Use a mnemonic device to help you remember the order of the elements. Create a sentence that you can remember using the first letters or symbols of the elements

Mnemonic device for the first 3 periods:

Here He Lies Beneath Bed Clothes, Nothing On, Feeling Nervous, Naughty Margret Always Sighs, " Please Stop Clowning Around "

There are 18 groups in the periodic table. From left to right, there are 2 groups of elements in the s-block (alkali metals and alkaline earth metals), 10 groups in the d-block (transition block) and 6 groups in the p-block (main block)

A main group element is an element belonging to the s- and p-blocks of the periodic table (groups 1, 2, 13-18)

Transition elements are elements found in groups 3 to 12 of the periodic table corresponding to the d-block

There are 4 special families in the periodic table: the alkali metals (group 1), the alkaline-earth metals (group 2), the halogens (group 17), and the noble gases (group 18)

Metals are good conductors of heat and electricity. They tend to be hard, metallic-looking solids with high melting and boiling points. Nonmetals are poor conductors of heat and electricity. They tend to be softer, often colored elements, with lower melting and boiling points than most metals

A metalloid is an element with properties intermediate between metals and nonmetals. Metalloids are also called semimetals

The 8 metalloid elements are, in ascending order of atomic number, boron (B), silicon (Si), germanium (Ge), arsenic (As), antimony (Sb), tellurium (Te), polonium (Po), and tennessine (Ts). The metalloids divide the periodic table in a zig-zag between metals on the left and nonmetals on the right

The metallic character increases as one moves down a group. The metallic character is essentially the ease with which an atom gives up an electron. The atomic radius increases as one moves down the group: the outer electrons are further from the nucleus and are easier to remove, which increases the metallic character

The metallic character decreases from left to right in each period of the periodic table. Indeed, the outer electrons have an increasing effective nuclear charge and thus require more energy for their removal, which decreases their metallic character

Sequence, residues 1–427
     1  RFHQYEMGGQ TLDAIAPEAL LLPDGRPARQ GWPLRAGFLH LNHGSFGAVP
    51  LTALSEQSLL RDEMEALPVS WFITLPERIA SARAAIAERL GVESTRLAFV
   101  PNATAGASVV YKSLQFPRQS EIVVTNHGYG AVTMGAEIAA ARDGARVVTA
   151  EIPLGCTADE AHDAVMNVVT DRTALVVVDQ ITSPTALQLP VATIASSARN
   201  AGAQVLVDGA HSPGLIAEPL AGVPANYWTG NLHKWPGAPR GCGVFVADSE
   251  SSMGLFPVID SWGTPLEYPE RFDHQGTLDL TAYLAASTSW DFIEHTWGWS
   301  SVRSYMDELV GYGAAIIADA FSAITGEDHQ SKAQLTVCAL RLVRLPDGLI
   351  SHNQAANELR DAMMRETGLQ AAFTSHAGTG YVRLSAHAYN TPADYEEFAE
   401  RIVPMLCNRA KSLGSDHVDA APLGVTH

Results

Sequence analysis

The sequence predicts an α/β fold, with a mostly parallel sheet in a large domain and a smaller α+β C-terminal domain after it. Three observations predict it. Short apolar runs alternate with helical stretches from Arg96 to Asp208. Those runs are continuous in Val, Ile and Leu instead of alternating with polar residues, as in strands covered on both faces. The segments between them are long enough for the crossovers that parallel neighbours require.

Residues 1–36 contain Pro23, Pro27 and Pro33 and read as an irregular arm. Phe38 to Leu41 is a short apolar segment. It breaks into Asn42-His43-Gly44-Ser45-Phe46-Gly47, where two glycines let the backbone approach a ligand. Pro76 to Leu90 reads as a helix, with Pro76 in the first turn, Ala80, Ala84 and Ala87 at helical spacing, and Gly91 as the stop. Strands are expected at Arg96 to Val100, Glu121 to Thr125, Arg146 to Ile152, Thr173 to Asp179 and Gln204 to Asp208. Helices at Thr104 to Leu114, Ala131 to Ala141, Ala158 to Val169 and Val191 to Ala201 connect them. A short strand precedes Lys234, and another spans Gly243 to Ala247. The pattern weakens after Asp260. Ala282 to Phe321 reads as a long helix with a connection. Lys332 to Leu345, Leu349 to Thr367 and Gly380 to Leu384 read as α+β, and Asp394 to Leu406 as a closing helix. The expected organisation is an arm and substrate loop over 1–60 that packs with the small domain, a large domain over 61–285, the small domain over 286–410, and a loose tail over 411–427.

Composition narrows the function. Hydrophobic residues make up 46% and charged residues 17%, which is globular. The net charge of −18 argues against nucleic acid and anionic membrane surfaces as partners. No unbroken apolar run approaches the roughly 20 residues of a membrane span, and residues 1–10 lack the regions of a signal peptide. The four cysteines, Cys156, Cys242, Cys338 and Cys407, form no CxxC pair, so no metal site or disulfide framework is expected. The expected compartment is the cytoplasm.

A mole in chemistry is the amount of a substance that contains as many elementary entities as there are atoms in exactly 12.0 g of 12C

1 mole corresponds to 6.022 x 1023 atoms

The mole is used in chemistry to express the number of atoms in a macroscopic sample of matter. It represents the link between the microscopic and the macroscopic

Atomic mass is the mass of a single atom of a chemical element, while molecular mass is the sum of the atomic masses of the atoms that make up a molecule

Molecular mass is the sum of the atomic masses of the atoms that make up a molecule, whereas molar mass is the mass of one mole of the substance (molecules, atoms, ions)

The molar mass of an ion or molecule is equal to the sum of the molar masses of all the atoms making up the ion or molecule

Molar mass of CH4 = molar mass of carbon + 4 x molar mass of hydrogen
MCH4 = MC + 4 MH = 12.01 + 4 x 1.008 = 16.04 g.mol-1

The number of moles in a sample is equal to the mass of the sample divided by the molar mass of the substance:

n = $\frac{\mathrm{m}}{\mathrm{M}}$

m = mass of the substance (in g)
M = molar mass of the substance (in g.mol-1)

The number of moles in a sample is equal to the number of particles in the sample divided by the Avogadro's number:

n = $\frac{\mathrm{N}}{{\mathrm{N}}_{\mathrm{A}}}$

N = number of particles in the substance
NA = Avogadro’s number (in mol-1)